Women’s rights groups protested in Nigeria’s capital Wednesday to demand greater representation of women in the country’s parliaments. Lawmakers on Tuesday approved a bill that would set aside 20 percent of seats for women, but protesters say one-fifth is not enough.
Some 200 women barricaded the entrance of the Nigerian National Assembly, holding up posters and banners and singing songs. The protesters, including market women, civil servants and various professionals, prevented lawmakers from entering their offices Wednesday.
Protesters say they were not satisfied with Tuesday’s vote to increase women’s share of parliament seats at both the state and national levels to 20 percent — nearly triple the current rate of seven percent. They want 35 percent of seats to be allocated to women.
“We need new ideas, new minds and diverse views, which is why we are pushing for women,” said Cynthia Mbamalu, an organizer of Wednesday’s protest. “If we have women in government, there will be an assessment of policies and laws from both male and female lens and we are looking at issues that affect women, children and young people from a diverse perspective. We cannot expect development or things to change if decisions are made by the same kind of people.”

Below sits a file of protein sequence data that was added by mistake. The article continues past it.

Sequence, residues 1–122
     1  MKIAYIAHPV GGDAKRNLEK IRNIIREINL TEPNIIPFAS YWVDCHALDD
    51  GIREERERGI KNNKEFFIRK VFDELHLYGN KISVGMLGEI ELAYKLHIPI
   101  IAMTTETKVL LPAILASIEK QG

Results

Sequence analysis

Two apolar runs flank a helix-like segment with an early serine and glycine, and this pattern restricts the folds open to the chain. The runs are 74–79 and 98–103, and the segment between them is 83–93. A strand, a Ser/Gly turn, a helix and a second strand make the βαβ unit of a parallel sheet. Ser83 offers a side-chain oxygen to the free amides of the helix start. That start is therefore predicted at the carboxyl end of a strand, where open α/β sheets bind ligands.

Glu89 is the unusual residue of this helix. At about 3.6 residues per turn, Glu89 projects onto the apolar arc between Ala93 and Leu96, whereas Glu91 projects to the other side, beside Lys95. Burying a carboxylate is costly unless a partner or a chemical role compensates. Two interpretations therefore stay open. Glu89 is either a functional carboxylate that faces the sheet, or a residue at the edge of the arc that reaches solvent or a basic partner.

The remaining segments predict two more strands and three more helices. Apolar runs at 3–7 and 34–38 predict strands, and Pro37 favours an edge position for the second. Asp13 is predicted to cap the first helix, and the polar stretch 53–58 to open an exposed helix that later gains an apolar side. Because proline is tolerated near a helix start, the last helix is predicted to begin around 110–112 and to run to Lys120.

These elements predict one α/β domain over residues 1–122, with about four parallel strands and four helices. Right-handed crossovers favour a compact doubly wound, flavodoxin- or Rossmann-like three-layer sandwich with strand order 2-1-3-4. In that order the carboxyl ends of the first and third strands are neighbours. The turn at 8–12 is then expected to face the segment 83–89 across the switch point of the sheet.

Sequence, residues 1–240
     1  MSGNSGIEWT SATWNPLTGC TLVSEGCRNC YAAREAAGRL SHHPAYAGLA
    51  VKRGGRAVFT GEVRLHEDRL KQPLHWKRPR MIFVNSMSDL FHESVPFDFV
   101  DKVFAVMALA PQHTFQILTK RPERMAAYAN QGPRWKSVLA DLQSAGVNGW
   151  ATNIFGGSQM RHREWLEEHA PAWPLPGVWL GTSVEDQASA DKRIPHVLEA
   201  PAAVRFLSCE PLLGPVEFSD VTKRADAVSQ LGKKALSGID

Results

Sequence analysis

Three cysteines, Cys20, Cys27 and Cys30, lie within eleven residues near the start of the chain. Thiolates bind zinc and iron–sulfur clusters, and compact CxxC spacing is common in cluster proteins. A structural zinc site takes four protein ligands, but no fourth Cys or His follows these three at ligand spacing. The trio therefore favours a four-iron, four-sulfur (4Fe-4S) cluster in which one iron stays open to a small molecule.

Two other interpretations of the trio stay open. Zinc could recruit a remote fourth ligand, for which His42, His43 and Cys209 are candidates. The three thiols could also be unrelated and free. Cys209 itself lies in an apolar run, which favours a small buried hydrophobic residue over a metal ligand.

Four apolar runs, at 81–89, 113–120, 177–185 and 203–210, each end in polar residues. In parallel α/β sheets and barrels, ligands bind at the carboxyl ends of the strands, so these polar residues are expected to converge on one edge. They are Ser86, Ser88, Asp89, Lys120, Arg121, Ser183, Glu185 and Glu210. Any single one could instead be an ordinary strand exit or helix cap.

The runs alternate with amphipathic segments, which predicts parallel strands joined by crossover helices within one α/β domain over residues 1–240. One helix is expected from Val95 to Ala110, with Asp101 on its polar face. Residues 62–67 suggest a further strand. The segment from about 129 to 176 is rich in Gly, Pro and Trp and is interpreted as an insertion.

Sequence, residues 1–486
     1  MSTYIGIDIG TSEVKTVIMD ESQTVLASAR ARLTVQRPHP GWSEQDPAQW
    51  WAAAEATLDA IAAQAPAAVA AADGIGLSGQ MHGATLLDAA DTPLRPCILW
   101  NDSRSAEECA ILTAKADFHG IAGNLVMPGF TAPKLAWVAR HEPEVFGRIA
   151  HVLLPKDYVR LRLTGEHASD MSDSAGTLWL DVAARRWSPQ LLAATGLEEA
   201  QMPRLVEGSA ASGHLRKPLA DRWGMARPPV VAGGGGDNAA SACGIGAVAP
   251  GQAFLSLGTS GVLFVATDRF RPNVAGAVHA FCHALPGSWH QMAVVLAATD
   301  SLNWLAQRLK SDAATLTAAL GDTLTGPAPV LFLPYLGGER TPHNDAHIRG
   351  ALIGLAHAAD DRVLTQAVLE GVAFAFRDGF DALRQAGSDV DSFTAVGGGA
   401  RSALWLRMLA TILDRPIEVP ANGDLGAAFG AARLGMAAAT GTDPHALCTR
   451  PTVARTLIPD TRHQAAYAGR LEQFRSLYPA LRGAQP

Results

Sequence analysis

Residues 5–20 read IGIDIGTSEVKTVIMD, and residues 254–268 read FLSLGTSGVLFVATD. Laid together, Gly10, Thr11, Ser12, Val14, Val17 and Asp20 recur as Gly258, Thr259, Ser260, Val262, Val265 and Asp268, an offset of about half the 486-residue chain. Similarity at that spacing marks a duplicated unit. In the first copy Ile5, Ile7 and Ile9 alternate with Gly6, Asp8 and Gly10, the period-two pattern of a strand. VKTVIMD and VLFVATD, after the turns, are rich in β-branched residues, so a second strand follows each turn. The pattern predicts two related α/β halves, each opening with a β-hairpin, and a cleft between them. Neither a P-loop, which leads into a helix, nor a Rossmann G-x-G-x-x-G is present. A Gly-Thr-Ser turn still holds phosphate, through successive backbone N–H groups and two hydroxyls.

Hansatu Adegbite, who heads the Women in Business Initiative, also took part in the protest.
“Women have to arise, enough is enough,” she said. “I am appealing to every single woman in any sector, arise and let us take over this nation. It is about all of us and we are here to take over this nation once and for all.”
Nigeria’s lawmakers began an exercise this week to review the country’s national constitution of 1999.
Women’s representation in Nigeria’s parliament, at around 4%, is among the lowest in the world. Activists say patriarchy and cultural biases are some factors influencing women’s low participation in government.
Lawmakers responded to the protesters after hours of demonstrations.
Deputy chief whip Sabi Abdullahi promised the protesters that their demands will be reviewed.
“The conversation we’re having now is a good step and I want us to look at it as work in progress and as we talk, we understand the issues, I’m sure we can get somewhere,” Abdullahi said.
Africa has seen an increase in the number of women in parliament, but a European research group, the International Institute for Democracy and Electoral Assistance, says African countries are unlikely to reach the U.N. goal of gender parity in politics by 2030.
Nigerian protesters said African countries like Senegal, Rwanda, South Africa, Tanzania and Botswana are getting more women involved in key economic and political positions.